'We went in with our strength' - Azhar Mahmood

Yasir Shah celebrates after taking his second wicket Tom Dulat/Stringer

After more than 150 overs and two days in extreme heat and humidity, Pakistan do not regret going into the first Test against Sri Lanka with just the solitary specialist spinner. Choosing three fast bowlers and just Yasir Shah was a significant break from the policy under Misbah-ul-Haq who played, as much as possible, two specialist spinners in UAE Tests.

Mohammad Amir, Mohammad Abbas and Hasan Ali took five wickets between them - Amir was wicketless - as Pakistan struggled to bowl Sri Lanka out for 419. In itself that was a recovery as Sri Lanka were 387 for 5 at one stage, but the burden fell, inevitably, on Yasir. The legspinner bowled a career-high 57 overs, and given that the part-timer Haris Sohail bowled 13 overs, the question is obvious: should they have picked another spinner?

Mickey Arthur was confident after the first day that they needn't have done, though he did express disappointment at a little more grass being cut off than he thought should have been.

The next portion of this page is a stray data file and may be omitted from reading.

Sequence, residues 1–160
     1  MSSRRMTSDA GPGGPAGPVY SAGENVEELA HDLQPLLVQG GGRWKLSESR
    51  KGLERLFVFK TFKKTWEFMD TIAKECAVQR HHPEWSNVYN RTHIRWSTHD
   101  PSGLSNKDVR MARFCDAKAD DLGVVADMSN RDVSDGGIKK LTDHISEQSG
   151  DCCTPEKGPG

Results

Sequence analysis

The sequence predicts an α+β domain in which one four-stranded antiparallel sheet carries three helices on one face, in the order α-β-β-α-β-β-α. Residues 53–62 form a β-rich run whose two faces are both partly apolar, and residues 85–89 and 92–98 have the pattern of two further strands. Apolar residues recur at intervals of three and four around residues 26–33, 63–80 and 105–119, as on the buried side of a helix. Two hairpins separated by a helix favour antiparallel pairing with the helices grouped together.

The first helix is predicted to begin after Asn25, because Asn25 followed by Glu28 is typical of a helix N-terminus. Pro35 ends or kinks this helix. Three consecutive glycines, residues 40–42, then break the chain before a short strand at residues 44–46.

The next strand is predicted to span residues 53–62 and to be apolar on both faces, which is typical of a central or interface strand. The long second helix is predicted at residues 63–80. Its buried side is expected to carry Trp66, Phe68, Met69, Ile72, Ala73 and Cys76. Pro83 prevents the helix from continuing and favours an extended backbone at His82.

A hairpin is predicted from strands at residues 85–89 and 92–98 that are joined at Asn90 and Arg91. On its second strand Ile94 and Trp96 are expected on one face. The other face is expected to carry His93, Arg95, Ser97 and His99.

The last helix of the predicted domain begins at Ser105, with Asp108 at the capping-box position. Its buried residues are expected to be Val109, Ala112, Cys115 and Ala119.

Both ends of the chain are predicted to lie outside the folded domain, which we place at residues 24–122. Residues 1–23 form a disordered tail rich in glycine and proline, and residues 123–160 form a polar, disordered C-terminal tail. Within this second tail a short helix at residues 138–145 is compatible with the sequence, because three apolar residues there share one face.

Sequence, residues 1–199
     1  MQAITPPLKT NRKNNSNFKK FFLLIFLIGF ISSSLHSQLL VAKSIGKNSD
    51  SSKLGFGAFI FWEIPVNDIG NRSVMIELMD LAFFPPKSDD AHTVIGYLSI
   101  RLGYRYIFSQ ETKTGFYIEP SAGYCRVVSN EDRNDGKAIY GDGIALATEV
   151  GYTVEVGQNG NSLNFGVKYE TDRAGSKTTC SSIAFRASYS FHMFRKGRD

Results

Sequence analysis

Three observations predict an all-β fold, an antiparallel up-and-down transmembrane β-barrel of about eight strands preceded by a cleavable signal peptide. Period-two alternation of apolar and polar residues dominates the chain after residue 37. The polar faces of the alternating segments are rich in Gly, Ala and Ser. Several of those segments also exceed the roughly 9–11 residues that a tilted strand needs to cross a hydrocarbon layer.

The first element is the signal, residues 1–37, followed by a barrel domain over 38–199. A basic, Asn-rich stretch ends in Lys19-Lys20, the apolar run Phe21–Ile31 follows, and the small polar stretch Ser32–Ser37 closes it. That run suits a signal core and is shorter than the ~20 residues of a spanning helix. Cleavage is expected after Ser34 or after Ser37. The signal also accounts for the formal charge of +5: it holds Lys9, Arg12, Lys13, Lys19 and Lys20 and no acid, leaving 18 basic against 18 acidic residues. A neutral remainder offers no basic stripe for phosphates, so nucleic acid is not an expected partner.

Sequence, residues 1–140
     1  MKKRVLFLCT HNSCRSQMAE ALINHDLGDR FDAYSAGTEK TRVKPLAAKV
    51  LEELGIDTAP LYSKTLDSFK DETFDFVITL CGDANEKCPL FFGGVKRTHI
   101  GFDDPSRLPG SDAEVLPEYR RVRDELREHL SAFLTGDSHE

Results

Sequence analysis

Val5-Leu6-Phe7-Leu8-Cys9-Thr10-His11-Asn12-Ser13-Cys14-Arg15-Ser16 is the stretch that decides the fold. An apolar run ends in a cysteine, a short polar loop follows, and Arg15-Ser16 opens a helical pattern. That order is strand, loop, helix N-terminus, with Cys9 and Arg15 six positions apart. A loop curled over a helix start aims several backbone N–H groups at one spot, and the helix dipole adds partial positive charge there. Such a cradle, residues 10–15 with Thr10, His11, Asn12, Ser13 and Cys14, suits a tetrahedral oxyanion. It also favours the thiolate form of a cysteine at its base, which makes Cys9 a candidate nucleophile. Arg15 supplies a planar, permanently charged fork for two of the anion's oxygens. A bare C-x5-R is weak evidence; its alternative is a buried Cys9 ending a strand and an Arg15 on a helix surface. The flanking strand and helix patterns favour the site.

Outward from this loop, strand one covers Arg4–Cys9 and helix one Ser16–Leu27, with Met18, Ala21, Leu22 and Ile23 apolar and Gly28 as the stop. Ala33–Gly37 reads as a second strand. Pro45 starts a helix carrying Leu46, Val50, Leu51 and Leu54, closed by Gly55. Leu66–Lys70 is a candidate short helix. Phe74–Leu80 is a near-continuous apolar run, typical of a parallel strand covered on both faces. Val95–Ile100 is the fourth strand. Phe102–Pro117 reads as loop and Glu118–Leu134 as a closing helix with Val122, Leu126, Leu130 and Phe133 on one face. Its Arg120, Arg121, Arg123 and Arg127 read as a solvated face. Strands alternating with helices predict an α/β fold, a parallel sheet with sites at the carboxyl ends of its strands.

On Friday, their bowling coach Azhar Mahmood echoed the sentiment. "The challenge in a Test is to take 20 wickets and win it. The best thing is that we bowled well. There was a lot of talk that the pitch has grass or we should have played with three spinners but we went on our strength. We played Test matches in the West Indies with three seamers."

Instead, as Arthur had also pointed out, what Pakistan didn't do was bowl well enough with the new ball each time.

"The main thing is that we didn't bowl well with the new ball, the first six overs I mean," Azhar said. "So we need to learn how to take wickets with the new ball because if you get wickets at the top it helps Yasir to attack. But we gave 419 runs in 5 sessions which is okay."

The only point at which Pakistan's fast bowling looked a threat was during the late-innings collapse, when Abbas found enough reverse-swing to pick up three quick wickets. He wouldn't have bowled in this kind of heat before, though he is probably used to the lack of life in the surface - the surfaces in the West Indies where he made his Test debut earlier this year were not that much quicker.

"The coach had tasked me with getting wickets with the new ball," Abbas said. "I wasn't successful in doing that. Our plan on the day, if we don't get any wickets, was to bowl a tight line and length, and contain runs. We were, to an extent, successful in doing that. And at the end, I got an opportunity to take wickets."